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Old 27-06-2013, 18:40   #61

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Re: New Skipper, Old Boat

Originally Posted by Teknav View Post
Calm weather is NOT the issue, even though it is the hurricane season. She needs to get hands-on seamanship knowledge/experience first. Would you dare sailing your boat if you didn't know how to read a chart? (Some people do just that, but nature takes care of them.)

but you said even old salts get into trouble there,why?carelessness yes but not the sea that's what is sinking most of your boats up there it seems.also she never said she was going to do this on a whim. idk what I'm missing here
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Old 27-06-2013, 21:15   #62
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Re: New Skipper, Old Boat

Gah- used to sail the keys. Fine area. You have to come up here and sail. I can't explain the forgotten coast to you, other than take one of your Northerners, double it and put it out there 60 % of the time. Make it so you that even if you read all the weather correctly, that you get into the muck at least once in your journey, and then wipe out every place to anchor and ride out storms between Ft. Myers and Marathon. Thats about it.
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Old 27-06-2013, 22:37   #63
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Re: New Skipper, Old Boat

I'd say a more reasonable itinerary for you would be to take the first year and learn your boat. Maybe take it to Port Townsend, where they have some fine wooden shipwrights, and have them thoroughly assess her condition (and maybe give you some good advice too). Then, take as much time as you can to cruise around the area, both in Puget Sound and offshore for a few days a time (at first, then increase the trip lengths). The next season, head south to CA and do a good reassessment while there and supplies are relatively readily available. If you feel comfortable then and the weather's right, continue to the ditch. If not, wait until the next year and make upgrades/practice sailing more. It would take a lot longer, but it is a more conservative approach that might still allow you to live that dream. Heck, it would allow you to live that dream for 2-3 years before you even get back to the east coast! Whatever you choose, good luck and I hope that only little things go wrong for you to learn from. I would wish that it was all smooth sailing the whole way, but that's just unrealistic silliness that would somewhat defeat the purpose of living your dream anyway.
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Old 27-06-2013, 23:20   #64
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Re: New Skipper, Old Boat

Man...Lot's of heavy assumptions here. For one...she could easily get someone experienced to go along with her. She doesn't have to pay a freakin professional. Secondly, she does have some sailing experience. I think she is just trying to keep things light is all. Next...We...non of us, know what shape the vessel is in. Last year we had a guy on an old Islander 28 come through the Bay area with no money, a terminal debilitating disease on a very ill equip boat. Rebel Heart saw him in Turtle Bay Mx. in the same shape. Now I hear he's going through the canel. I know we need to be as safe as possible but geeeez guys, let her have a little adventure!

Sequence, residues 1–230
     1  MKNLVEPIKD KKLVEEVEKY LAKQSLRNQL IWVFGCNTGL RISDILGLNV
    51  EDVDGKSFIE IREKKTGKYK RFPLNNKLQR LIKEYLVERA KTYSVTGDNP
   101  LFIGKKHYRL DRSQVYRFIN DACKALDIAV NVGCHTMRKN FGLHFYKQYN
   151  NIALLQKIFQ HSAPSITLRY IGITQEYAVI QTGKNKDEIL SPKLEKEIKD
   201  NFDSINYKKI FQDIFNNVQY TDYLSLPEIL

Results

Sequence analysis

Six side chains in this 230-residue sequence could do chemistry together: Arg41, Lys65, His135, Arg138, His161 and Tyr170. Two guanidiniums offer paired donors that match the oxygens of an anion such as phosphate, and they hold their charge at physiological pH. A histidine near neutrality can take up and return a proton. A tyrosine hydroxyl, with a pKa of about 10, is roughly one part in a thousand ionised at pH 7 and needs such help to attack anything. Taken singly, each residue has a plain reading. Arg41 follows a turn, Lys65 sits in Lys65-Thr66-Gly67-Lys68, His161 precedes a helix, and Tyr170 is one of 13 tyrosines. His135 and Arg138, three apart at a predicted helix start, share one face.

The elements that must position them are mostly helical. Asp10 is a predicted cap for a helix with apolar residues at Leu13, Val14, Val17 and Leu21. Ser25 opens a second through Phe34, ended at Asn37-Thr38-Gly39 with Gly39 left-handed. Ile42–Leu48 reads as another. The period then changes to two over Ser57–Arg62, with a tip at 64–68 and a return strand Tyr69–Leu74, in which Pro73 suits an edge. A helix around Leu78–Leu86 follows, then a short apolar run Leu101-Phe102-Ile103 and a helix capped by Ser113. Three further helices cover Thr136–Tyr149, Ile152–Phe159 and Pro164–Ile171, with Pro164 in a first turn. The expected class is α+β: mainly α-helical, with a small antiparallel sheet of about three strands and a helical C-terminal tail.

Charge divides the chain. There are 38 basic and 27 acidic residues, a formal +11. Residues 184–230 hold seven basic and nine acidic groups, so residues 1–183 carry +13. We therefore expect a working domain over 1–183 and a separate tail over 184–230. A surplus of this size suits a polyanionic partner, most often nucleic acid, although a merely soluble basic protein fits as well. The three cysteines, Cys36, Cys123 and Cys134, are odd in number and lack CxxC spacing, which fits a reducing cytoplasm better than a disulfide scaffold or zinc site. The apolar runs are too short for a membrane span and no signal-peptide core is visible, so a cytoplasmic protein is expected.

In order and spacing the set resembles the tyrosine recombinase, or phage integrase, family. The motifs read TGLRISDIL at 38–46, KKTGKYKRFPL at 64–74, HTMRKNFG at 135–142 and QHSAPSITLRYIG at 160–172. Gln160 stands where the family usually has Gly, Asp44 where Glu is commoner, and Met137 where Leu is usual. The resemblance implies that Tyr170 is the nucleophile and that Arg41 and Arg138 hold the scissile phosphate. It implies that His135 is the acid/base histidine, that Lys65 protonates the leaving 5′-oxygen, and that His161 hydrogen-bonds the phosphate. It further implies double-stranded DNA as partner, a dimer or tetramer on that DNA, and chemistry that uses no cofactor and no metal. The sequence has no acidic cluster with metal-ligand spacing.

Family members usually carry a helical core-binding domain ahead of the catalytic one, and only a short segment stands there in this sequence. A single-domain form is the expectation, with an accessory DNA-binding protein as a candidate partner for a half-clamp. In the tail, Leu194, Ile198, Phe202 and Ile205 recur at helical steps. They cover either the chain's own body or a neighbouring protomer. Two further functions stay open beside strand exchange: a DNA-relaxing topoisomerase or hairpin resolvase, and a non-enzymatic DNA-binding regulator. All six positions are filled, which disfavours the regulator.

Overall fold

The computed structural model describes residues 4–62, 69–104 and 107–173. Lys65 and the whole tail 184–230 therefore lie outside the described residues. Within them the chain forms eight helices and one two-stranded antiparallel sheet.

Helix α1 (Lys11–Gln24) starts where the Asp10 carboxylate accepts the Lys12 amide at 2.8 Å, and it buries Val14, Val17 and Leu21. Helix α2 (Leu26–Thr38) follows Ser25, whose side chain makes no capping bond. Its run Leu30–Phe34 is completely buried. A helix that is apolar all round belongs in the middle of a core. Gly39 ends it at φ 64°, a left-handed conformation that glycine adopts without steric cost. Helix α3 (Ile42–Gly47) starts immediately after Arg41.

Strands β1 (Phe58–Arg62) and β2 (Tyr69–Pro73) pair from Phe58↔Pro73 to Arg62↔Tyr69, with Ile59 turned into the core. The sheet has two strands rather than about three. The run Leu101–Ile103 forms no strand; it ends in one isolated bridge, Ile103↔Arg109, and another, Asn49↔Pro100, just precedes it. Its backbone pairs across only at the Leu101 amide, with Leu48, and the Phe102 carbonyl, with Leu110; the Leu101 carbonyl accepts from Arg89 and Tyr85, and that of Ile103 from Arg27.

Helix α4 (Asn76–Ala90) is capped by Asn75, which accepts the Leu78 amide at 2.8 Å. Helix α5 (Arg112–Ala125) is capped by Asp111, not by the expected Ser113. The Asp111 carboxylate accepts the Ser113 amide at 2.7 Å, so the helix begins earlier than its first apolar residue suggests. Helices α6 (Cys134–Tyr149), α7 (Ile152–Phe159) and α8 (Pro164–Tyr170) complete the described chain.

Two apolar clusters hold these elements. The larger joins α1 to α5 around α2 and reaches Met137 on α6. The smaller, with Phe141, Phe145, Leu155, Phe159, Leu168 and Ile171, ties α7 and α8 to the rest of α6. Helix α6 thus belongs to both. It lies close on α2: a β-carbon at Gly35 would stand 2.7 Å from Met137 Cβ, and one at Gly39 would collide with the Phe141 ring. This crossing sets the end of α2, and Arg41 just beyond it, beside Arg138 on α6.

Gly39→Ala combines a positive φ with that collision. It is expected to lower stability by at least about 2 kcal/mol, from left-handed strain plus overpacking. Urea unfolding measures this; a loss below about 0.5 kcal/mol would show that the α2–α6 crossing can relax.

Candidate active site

"Life is not a journey to the grave with the intention of arriving safely in a pretty and well-preserved body, but rather to skid in broadside, thoroughly used up, totally worn out, and loudly proclaiming: Wow - what a ride!"
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Old 28-06-2013, 07:23   #65
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Re: New Skipper, Old Boat

There are other hazards besides weather from Flattery to Conception. Trying to cross bars even in good weather if the freshets are running and the tide is incoming, for example. The seas can be dead calm but so foggy you can't see the bow of your boat. There is a lot of traffic out about 15-20 miles so a good radar is necessary if you're that close in to shore. Out past 30-40 miles less traffic and weather improves. Also, there is a fair bit of crap in the water that is invisible at night... easy to wrap a prop under power or hook onto a piece of line under sail.
You are almost guaranteed of some kind of failure, either rigging, steering, or engine problem so you have know how to fix it or have someone aboard who can.
Constant weather update capacity is critical as it changes quickly so a weatherfax and knowledge how to read it or HF radio capability is necessary.
While I initially encouraged Salty Fox to do the trip, there were a number of caveates I attached to the recommendation, at least for the US leg south. Once you get into Mexican and Costa Rican waters, things change, weather wise, generally for the good but you have language issues and parts are not as readily available should you need repairs. There are a couple of long passages across the gulf that you need to navigate and be up on the weather however there are 2 or 3 nets that give relatively accurate weather reports. As you aproach the Canal from the Pacific side, winds normally drop substantially depending on the time of year so a reliable engine is pretty much required. Heavy marine traffic also becomes problematic on your approach.
These are just a few of her considerations she needs to think about... would be happy to discuss in more detail in a pm... cheers, Phil
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